Grade 8 students have been busy printing 3D models in their Design classes. The corresponding unit, focused on the UN Global Goals, links to the following inquiry question:
What inventions exist in a community which could be adapted to serve a purpose within that community?
Using this thought point as a springboard, the students researched all of the 17 Global Goals and had to select one goal that they would like to focus on and identify a problem to solve.
Uliana Nesterkina, Grade 8 student, describes her project: a water bottle filter with a solar panel that boils the water and sanitizes it. “A big part of the activity was to decide on what type of solution I’d like to make. If I made a water bottle filter with plastic, it would conflict with the other global goals, so it was fun to think about how I could make it the most efficient and productive while also sustainable,” Uliana reflects.
This component of critical thinking lends itself to IB’s Approaches to Learning, in particular to Communication, Research Skills, and Self-Management. Through this project, the aim is for students to develop as inquirers and open-minded communicators.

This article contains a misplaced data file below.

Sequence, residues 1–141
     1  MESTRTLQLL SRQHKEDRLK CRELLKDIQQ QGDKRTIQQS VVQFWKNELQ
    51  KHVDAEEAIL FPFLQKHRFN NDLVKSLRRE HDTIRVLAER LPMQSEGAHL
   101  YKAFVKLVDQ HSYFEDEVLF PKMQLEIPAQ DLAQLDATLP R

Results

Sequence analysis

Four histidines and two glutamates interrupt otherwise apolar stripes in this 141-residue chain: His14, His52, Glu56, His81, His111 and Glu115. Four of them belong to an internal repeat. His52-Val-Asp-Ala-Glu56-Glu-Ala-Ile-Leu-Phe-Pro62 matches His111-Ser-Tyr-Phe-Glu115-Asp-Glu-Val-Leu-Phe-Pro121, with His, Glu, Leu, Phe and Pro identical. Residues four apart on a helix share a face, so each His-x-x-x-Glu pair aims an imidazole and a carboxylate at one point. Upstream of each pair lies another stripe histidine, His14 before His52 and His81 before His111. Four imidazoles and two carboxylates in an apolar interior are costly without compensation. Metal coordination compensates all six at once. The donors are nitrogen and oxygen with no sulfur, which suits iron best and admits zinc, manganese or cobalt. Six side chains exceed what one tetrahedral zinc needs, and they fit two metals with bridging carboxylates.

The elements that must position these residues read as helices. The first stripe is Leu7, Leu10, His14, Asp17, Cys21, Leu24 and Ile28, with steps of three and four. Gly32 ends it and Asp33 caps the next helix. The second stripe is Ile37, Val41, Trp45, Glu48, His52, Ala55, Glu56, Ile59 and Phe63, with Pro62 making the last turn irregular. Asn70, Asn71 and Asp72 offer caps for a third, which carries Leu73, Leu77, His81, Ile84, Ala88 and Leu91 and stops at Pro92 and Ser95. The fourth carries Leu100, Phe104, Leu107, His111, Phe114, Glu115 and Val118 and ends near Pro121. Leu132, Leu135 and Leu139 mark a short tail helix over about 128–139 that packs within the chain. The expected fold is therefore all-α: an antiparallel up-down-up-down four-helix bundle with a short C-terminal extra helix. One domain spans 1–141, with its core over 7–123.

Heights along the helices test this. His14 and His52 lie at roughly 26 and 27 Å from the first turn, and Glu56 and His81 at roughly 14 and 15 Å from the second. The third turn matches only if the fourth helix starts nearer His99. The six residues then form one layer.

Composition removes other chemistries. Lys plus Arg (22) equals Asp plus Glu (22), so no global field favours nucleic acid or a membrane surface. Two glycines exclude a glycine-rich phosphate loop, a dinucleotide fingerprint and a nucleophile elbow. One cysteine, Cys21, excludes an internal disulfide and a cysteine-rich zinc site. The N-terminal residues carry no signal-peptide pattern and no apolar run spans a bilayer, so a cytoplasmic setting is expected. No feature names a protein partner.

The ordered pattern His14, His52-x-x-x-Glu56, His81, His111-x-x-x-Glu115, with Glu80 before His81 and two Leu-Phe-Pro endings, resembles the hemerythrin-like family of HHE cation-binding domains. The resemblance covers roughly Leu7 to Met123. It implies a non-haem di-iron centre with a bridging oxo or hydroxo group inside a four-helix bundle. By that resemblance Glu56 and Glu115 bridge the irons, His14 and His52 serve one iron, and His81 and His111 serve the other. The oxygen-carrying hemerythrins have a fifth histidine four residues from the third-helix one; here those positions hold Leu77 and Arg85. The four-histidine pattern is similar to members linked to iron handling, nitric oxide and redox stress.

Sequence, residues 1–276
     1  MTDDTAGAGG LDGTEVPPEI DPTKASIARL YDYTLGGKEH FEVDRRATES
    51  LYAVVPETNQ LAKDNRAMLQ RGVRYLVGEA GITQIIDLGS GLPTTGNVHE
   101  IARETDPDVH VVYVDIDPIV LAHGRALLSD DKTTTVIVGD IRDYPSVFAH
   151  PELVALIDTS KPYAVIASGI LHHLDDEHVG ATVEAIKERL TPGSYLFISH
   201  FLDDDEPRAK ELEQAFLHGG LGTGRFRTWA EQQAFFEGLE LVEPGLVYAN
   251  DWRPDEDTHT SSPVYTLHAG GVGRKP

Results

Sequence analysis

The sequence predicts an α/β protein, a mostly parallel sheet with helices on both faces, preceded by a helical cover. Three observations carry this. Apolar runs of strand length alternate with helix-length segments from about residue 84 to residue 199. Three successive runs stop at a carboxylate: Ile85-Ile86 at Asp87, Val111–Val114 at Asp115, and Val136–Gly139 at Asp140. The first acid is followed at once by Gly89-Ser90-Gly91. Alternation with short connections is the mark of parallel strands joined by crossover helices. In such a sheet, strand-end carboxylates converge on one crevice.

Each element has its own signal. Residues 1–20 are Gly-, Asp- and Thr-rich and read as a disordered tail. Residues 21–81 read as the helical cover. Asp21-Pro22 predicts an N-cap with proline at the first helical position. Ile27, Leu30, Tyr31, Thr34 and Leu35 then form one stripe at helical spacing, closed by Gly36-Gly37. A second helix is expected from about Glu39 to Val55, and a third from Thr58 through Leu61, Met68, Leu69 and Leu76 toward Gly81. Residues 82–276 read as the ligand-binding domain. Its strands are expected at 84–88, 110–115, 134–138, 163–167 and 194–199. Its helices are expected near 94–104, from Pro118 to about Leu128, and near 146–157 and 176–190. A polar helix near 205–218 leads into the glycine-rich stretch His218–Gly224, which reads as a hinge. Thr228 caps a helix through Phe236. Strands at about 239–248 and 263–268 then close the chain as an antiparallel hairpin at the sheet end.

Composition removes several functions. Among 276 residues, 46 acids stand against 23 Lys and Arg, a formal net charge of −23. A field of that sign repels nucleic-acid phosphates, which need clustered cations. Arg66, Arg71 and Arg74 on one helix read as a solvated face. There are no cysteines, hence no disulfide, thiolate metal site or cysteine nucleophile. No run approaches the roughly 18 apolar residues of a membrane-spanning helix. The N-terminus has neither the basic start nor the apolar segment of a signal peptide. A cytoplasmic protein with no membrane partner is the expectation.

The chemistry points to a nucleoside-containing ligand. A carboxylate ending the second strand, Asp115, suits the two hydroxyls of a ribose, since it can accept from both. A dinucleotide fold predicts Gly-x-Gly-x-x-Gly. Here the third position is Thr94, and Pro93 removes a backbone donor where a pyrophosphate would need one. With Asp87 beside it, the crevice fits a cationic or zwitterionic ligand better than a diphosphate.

“I really enjoyed designing my product on Tinkercad,” says Victoria Haas, who designed an e-bike for her project. Tinkercad is a 3D CAD design tool the students have been using for modeling and printing their inventions. Explaining the process, Victoria says that it is easier to put a finger on the challenges in a product, when using a 3D model. In working with various shapes and measurements, you can identify the areas of improvement in your prototype, and make corrective adjustments as necessary.
Throughout the unit, the key concepts that the students have focused on are Change and Development. While the concept of change involves understanding causes and effects, studying development entails making progress through iterative improvements.
Alluding to this process of change followed by development, Uliana talks about how 3D printing is an implementation of classroom learning in a practical environment. “Many schools may not have this privilege. Watching our ideas take shape in a 3D version helped us build further on our knowledge,” she says.
“The 3D printing gives us a chance to be more creative and see visual simulations of our ideas,” Victoria concurs, adding that it may be harder to illustrate the finer nuances of a model within a 2D framework.
When asked about their biggest takeaways from this project, both the students talk about developing the ability to recognize problems and find pertinent solutions. “It was very interesting to see what challenges face our world and how we can fix them in the most efficient way,” Uliana says. “I think it’s also great that we’re doing something for humanity and are working towards being better global citizens,” Victoria shares, incidentally referring to the FIS philosophy of international-mindedness.